Inflatable deflation.

Discussion in 'All Things Boats & Boating' started by valvebounce, Sep 11, 2012.

  1. valvebounce
    Joined: Dec 2010
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    Location: manchester uk

    valvebounce Senior Member

    I have a 9ft inflatable that partly deflates overnight,then inflates somewhat in the morning.It is obviously due to the temparature change.The boat has always done this,but recently it does not re-inflate to the same degree.
    I have carefully gone over it with washing up liquid and water searching for leaks,but found none.I have replaced the valves and checked them also.
    Is this a normal thing that is to be expected?I use the boat on the canals,and after 15mins of putting it in the water[which is very cold]I need to top the pressure up.It stays up at that pressure all day.
    The boat has a detachable transom.i.e.tubular stainless and timber.
    Anybody have a similar problem?
     
  2. CDK
    Joined: Aug 2007
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    Location: Adriatic sea

    CDK retired engineer

    Yes, everybody with an inflatable that has reinforced tube material is familiar with that. Only the cheap PVC boats where the tube can expand freely do not suffer from it.

    The pressure increases/decreases with 0.36% for each degree C.
     
  3. valvebounce
    Joined: Dec 2010
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    Location: manchester uk

    valvebounce Senior Member

    Thanks CDK,thats nice to know.Having a problem that I cant suss out really bugs me.

    Have you any idea why it doesn't re-inflate to the same pressure the next day?Even though the temparature has gone up.Both tubes are effected equally.It has a blow up deck,which is not re-enforced,this stays inflated.I have fitted a removable ply deck over it.The air pressure and temperature here in the UK has been up and down drastically recently,and it has rained on it quite a lot.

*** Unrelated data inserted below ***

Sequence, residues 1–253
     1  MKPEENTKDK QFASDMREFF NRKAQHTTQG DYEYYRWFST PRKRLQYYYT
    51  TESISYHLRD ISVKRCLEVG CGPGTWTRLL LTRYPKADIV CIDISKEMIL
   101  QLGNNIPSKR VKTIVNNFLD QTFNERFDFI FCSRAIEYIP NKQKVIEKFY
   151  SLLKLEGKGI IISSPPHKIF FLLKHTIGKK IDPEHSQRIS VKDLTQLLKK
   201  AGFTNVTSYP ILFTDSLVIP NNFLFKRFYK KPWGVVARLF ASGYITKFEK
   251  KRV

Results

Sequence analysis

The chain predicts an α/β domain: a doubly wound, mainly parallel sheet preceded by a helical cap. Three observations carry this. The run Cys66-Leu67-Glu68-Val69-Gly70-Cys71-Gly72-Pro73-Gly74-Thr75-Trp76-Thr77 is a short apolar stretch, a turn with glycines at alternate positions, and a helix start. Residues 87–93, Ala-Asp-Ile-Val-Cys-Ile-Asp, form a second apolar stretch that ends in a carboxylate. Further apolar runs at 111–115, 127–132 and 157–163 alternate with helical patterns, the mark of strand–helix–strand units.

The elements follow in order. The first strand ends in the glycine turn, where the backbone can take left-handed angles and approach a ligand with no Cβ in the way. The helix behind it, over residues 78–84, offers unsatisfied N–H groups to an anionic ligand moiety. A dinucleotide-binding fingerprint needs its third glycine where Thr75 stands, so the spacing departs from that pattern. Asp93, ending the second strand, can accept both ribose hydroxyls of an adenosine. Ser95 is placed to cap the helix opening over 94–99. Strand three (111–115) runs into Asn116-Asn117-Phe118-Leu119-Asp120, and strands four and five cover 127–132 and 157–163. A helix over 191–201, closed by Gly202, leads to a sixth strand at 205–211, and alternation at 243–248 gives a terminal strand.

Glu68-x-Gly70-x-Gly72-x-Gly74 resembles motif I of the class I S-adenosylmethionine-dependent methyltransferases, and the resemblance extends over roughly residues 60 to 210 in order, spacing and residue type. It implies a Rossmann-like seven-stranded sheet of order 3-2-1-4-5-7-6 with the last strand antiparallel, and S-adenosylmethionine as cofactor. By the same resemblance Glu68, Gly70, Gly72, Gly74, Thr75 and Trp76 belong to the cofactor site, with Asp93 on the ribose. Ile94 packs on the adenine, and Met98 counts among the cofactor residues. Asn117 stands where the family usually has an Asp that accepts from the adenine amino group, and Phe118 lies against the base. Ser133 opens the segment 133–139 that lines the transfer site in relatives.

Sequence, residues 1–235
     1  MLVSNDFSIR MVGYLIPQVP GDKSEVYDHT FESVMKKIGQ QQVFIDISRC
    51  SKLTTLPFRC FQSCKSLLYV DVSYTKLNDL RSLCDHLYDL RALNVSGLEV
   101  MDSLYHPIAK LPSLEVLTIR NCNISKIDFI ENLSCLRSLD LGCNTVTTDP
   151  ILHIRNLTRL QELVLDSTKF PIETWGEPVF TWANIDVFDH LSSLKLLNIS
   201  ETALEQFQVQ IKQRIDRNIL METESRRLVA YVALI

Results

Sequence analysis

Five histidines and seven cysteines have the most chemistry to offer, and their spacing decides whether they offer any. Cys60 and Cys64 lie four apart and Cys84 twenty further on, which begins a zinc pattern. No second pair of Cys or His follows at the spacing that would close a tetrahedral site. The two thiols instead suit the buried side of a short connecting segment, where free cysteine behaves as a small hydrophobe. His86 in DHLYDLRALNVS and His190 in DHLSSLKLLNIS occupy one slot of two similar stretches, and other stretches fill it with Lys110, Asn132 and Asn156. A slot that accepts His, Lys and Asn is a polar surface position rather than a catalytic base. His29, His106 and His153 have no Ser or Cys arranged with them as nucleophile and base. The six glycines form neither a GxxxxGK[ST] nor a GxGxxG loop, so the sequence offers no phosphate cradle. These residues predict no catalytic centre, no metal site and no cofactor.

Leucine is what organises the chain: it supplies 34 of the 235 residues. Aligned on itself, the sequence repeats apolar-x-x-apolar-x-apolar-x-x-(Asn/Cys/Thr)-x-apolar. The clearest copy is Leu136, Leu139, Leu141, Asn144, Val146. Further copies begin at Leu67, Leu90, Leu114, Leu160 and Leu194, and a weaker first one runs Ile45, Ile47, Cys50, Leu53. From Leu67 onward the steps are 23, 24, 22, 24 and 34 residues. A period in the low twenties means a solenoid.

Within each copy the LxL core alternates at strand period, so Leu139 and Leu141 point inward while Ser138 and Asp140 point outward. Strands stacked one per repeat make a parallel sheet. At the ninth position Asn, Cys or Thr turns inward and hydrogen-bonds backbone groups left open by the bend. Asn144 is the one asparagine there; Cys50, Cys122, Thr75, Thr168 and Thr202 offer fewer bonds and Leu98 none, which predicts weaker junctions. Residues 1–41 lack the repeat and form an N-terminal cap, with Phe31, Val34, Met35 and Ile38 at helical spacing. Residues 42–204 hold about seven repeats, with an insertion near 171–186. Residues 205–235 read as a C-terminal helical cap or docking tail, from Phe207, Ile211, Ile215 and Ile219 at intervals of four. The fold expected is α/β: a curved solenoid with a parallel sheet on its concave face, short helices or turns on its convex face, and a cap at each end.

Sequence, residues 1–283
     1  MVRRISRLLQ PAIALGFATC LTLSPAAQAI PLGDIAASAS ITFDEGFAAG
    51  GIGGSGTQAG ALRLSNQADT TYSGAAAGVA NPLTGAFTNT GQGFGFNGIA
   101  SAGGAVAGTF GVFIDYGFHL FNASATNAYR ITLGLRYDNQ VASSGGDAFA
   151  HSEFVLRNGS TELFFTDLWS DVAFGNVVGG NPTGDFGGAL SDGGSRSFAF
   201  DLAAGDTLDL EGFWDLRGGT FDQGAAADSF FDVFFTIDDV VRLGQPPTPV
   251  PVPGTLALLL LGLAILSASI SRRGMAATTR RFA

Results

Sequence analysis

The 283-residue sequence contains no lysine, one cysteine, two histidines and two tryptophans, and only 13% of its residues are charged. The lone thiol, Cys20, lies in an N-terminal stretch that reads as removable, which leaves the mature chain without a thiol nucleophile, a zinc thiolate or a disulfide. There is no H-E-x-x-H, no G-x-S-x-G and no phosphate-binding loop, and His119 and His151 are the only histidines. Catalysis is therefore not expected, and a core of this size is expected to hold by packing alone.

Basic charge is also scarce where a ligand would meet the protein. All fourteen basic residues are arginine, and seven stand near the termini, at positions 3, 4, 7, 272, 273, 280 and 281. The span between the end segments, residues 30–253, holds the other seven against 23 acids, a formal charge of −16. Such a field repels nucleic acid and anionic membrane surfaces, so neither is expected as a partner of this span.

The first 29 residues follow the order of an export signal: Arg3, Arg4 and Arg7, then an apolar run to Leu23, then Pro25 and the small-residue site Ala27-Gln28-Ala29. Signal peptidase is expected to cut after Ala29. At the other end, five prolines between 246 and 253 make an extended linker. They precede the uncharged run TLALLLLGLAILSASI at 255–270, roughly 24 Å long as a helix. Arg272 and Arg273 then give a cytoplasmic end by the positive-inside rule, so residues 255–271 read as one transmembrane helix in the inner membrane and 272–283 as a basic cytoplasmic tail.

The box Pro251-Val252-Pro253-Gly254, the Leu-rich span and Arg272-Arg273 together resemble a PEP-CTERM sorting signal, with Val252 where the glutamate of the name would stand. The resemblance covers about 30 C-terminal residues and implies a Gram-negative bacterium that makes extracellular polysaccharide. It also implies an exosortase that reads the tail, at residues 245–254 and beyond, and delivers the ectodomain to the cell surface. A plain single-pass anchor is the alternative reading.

Thanks for your reply.V
     
  4. CDK
    Joined: Aug 2007
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    Location: Adriatic sea

    CDK retired engineer

    If it has the same sort of valves I have on my tender the valve design is such that some air is allowed to escape if the pressure exceeds the limit. It is not very accurate, but the manufacturer doesn't like a lot of ruptured returns within the warranty period.

    You could look into that and see if adjustment is possible. Or you could make some sort of expansion chamber that you keep connected to the valve, something like a rubber appendix. Looks weird of course, but I'm sure it will work.
    A perfect and invisible solution would be to pour some liquid in the tubes that has approximately the same vapor pressure as the air pressure you want to have in your boat. If the pressure rises, some of the vapor returns to its liquid state, reducing the volume. I never found the time to experiment, but probably the hydrocarbons in a contact cleaner or antistatic spray could have the right properties.

    Repackaged as an "inflatable pressure equalizer" this surely is a business opportunity. As far as I know no such product is on the market at this time.
     
  5. jonr
    Joined: Sep 2008
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    Location: Great Lakes

    jonr Senior Member

    My understanding is that both the air and the fabric expand. If it doesn't come back, then it must have some type of leak.
     
  6. valvebounce
    Joined: Dec 2010
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    Location: manchester uk

    valvebounce Senior Member

    The valves I bought were the same type that came with the boat,they do seem a bit frail looking.They were not expensive.
    Great business idea,but not really my forte'
    Bit worried about hanging appendages out of the boat,the wrong one might get tangled round the prop.:D
    Thanks for your advice,it's much appreciated.V
     

  7. valvebounce
    Joined: Dec 2010
    Posts: 548
    Likes: 11, Points: 18, Legacy Rep: 124
    Location: manchester uk

    valvebounce Senior Member

    Hi,I think another check with washing up liquid and water might be in order.
    Maybe a thicker solution will bubble more.
    Many thanks for your advice. V
     
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